I feel bad about my unresponsiveness, and don't know what to say now that my uncle has been given a timeline. I feel like I should say something before he inevitably passes soon. But I feel like it's also too late to say something - since I know my siblings have been in some contact since we got my uncle's cancer diagnosis. I would like some guidance on figuring out what to say.

I've lost both my parents, so I have a better grasping of what to say *after* a loved one passes, but in the waiting period before, giving our family complications, I just don't know what to say.
posted by raztaj to Human Relations (10 answers total) 2 users marked this as a favorite
 
Send a card, and say something generic like "Keeping you all in my thoughts and wishing the best for Uncle Estranged. Best wishes, Raztaj."
posted by DarlingBri at 9:35 AM on February 25, 2013 [11 favorites]


You can send a note, thankfully Hallmark now makes one for every occasion. Use DarlingBri's wording, and end it with, "If you need anything, please let me know."

It may never turn into anything more than knowing that you send a nice card, but you may open the door to a better relationship with that side of the family.

FWIW, I'm in a similar situation (although no one is sick) and I have to remind myself to be nice. I started out with making the gesture and now I'm actually fond of the relatives in question.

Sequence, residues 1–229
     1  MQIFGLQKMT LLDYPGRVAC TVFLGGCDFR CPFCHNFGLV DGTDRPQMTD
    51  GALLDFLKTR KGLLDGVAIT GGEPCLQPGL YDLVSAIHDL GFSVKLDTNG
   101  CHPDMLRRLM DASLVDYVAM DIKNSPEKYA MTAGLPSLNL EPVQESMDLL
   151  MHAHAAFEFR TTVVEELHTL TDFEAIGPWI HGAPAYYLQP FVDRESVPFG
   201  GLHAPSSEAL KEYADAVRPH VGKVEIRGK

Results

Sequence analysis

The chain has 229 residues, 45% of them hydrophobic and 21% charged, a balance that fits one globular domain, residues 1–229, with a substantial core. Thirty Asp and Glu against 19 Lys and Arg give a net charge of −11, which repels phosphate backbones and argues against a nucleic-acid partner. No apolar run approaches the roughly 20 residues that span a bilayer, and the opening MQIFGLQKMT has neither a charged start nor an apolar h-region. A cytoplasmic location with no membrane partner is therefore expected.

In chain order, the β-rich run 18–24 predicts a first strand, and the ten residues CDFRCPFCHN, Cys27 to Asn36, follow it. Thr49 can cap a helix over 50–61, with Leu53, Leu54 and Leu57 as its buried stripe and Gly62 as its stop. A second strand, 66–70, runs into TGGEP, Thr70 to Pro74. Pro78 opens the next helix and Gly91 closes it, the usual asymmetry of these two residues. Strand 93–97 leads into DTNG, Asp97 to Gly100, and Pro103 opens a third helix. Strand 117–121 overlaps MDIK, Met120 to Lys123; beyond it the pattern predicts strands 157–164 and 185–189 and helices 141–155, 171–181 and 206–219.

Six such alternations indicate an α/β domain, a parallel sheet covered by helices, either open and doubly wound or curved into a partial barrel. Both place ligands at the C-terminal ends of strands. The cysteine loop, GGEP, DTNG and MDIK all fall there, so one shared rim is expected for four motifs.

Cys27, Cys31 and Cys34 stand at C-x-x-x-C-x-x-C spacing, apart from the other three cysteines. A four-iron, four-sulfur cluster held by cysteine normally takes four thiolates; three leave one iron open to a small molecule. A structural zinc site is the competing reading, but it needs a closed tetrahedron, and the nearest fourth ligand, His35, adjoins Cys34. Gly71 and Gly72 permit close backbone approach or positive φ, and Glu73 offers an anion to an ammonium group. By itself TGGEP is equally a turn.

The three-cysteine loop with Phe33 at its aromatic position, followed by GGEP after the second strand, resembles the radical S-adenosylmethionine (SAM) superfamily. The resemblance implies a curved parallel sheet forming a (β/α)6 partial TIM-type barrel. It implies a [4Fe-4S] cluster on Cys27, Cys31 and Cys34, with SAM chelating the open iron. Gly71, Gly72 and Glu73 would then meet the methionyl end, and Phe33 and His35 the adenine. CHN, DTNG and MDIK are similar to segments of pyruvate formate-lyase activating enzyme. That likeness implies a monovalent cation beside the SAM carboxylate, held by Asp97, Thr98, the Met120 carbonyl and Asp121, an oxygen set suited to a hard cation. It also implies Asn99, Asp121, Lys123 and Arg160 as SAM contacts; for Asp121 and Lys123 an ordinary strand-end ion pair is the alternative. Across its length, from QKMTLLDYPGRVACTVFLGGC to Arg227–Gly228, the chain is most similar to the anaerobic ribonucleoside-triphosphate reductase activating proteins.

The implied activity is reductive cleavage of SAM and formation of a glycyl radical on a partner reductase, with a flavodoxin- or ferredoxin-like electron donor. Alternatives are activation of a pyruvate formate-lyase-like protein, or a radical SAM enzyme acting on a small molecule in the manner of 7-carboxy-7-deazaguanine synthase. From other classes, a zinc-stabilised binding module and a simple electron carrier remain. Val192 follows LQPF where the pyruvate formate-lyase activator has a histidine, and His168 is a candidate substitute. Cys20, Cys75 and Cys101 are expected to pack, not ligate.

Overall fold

posted by Ruthless Bunny at 9:43 AM on February 25, 2013 [2 favorites]


It's never too late to say something in this situation as long as the loved one is still present.

Perhaps just thinking of this as giving regard to your Uncle's closing window of this life and honouring the distress and grief of those closer to him could help you approach this most organically?

Sending a note like DarlingBri says, or giving a call or just...anything would likely be an appreciated balm. Even if you were a neighbour or co-worker, this would be appropriate and kind.
posted by batmonkey at 9:46 AM on February 25, 2013 [1 favorite]


It seems appropriate to wish him well and offer any assistance you can. If you or they are religious, you could say you are praying for his recovery. You don't have to treat him like a best friend or favorite relative, just treat him with respect and kindness. It will be appreciated by him and may make it easier for establishing a relationship with the rest of the family going forward.